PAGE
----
By Ariel Schwartz
Vacant lots are the bane of cities everywhere. Some deal with the issue by letting urban gardeners run wild. Others simply hope for the best. In China, the country's biggest food e-commerce site is promoting another option: turning vacant lots into virtual stores.
Chinese e-commerce site YiHaoDian is launching 1,000 virtual supermarkets across the country--but don't expect to find any brick and mortar landmarks. All the stores, launched in late 2012, can only be seen with the YiHaoDian iPhone and Android app. Anyone using the app can see the 1,200 square meter stores on their phones if they're holding it up in the right location--and purchase up to 1,000 food products that can be delivered in one to two days. All of the shops are located in vacant lots in what the company deems iconic areas of Shanghai, Beijing, Guangzhou and Shenzhen.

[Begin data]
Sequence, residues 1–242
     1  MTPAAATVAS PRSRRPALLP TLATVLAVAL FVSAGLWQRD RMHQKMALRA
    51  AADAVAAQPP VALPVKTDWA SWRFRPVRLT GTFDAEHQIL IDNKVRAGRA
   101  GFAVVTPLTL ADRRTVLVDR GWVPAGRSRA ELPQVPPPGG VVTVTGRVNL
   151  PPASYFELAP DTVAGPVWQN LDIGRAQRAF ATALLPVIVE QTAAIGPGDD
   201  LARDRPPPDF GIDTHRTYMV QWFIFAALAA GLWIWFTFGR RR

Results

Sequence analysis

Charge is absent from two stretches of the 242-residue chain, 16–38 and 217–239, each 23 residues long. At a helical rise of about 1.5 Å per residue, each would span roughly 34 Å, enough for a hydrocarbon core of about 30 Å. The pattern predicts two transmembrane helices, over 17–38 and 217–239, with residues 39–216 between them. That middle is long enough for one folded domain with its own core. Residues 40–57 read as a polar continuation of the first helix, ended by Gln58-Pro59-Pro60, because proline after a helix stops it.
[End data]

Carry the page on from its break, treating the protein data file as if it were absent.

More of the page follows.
The idea isn't entirely new. In the U.K, Tesco launched a lower-tech version where customers could choose from virtual products by snapping pictures of QR codes found in subway stations. But YiHaoDian's augmented reality approach has larger implications.
As Pop Up City explains, "The idea of using dead urban spaces as retail areas, while avoiding any building and personnel costs sounds like a promising one."
In space-challenged China, the stores have another benefit: they could reduce urban sprawl by replacing real stores with virtual ones.
Copyright 2013 by Fast Company. Reprinted with permission.